Planet Earth

Bonobos Act Like Babies After Fights

The adult apes use juvenile behaviors to seek comfort from groupmates, telling researchers human emotions may have ancient origin roots.

By Jason P. DinhAug 4, 2022 11:01 PM
Bonobos
(Credit: Sergey Uryadnikov/Shutterstock)

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There’s a viral TikTok video with over 300 million views showing a distressed toddler crying to her mom, “I’m just a baby!” Acting childish might not get the toddler what they want, but according to new research, it might help a beleaguered bonobo.

Bonobos are one of our closest living ancestors. Affectionately called the “make love, not war” ape, they’re famous for their social tolerance, acceptance of out-groups and eye for emotions.

In a new study, researchers discovered that attacked bonobos use baby-like behaviors to call for help, most frequently around large crowds. The findings suggest that bonobos selectively convey their distress when it’s most impactful. Flexibly displaying emotions was previously thought to be uniquely human, but the new finding could indicate a more ancient origin.

“Our research shows that emotions and their expression do not only play a role in the regulation of social life in our own species, but also in our closest living primate relatives,” says author Raphaela Heesen of Durham University in the U.K. in a press release.

The team studied how bonobos responded to attacks from others at the Lola ya Bonobo Sanctuary in the Democratic Republic of Congo. As the only bonobo sanctuary and rewilding program in the world, the population includes individuals rescued from the bush meat trade, as well as ones born in a haven.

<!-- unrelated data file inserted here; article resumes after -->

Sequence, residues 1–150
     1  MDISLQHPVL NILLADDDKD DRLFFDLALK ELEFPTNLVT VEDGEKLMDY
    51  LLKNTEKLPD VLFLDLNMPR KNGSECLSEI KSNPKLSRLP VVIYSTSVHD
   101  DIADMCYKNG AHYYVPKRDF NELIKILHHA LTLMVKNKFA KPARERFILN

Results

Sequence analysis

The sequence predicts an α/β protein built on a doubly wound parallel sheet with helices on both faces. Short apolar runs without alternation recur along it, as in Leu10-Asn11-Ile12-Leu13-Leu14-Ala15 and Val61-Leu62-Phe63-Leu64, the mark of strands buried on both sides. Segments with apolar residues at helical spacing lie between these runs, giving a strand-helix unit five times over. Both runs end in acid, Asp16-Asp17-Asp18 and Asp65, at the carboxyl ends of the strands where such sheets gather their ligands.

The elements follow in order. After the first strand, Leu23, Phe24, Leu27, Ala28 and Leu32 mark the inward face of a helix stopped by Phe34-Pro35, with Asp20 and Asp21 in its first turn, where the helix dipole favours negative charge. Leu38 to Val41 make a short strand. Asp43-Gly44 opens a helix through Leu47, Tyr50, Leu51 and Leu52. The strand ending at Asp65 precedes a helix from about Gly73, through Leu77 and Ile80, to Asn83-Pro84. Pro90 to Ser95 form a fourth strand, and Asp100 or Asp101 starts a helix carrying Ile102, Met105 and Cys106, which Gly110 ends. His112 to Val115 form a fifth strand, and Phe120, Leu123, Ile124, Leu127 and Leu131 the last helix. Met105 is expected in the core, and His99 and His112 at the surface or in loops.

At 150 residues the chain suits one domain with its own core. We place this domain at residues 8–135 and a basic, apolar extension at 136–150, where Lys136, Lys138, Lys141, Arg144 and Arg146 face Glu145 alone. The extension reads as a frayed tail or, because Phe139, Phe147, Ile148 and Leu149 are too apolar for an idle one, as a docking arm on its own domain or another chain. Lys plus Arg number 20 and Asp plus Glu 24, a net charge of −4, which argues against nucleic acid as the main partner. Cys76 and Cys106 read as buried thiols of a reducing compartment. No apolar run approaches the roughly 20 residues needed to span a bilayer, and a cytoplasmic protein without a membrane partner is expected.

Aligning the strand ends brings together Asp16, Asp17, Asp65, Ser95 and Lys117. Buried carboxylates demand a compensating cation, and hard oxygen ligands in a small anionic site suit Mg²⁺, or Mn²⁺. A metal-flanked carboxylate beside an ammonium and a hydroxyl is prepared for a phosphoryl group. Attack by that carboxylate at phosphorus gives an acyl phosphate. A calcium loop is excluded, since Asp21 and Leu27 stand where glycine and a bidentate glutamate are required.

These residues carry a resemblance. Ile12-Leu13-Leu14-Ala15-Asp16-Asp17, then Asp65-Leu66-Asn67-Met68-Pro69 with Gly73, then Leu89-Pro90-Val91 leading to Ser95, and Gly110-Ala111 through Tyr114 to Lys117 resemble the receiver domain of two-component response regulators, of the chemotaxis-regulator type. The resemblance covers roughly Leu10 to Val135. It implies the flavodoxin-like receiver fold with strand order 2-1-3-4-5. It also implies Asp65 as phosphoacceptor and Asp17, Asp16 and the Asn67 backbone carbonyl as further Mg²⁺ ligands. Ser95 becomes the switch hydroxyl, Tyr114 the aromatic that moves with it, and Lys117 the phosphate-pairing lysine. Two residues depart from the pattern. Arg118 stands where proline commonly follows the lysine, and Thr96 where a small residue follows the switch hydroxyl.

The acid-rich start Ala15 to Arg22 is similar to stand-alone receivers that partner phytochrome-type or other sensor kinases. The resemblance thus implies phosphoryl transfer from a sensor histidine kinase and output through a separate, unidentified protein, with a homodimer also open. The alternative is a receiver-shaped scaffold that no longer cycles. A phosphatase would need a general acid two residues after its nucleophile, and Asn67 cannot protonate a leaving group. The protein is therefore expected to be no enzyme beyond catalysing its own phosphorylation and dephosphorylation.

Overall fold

The scientists observed two groups of about 20 individuals for two summers. They noted when victims got attacked, how they behaved afterwards and whether others came to console them. They also counted how many other bonobos were nearby and quantified their social bond strengths with the victim. The team was especially interested in baby-like behaviors, which included tantrums, pouting and reaching for help.

Bonobos were more likely to console attacked ones that performed childish acts. Their assailant was also less likely to mug these individuals again.

What’s more interesting, the authors write, is when bonobos chose to deploy the signals. They used juvenile behaviors for longer when larger crowds were around to hear them. Additionally, attacked bonobos stopped crying for help once a groupmate approached them.

“Bonobos are highly sensitive to social situations and who is surrounding them,” Heesen says. They “communicate their emotional states in flexible ways to influence their group members.”

Some experts argue that the ability for humans to controllably express feelings might have helped us maintain complex social groups. If it’s true, this would eventually lead to language and the ability to convey complex emotions. It’s possible that such emotional control could have evolved before humans split from bonobos and chimps, the authors say, but scientists need more data from other apes to know for sure.

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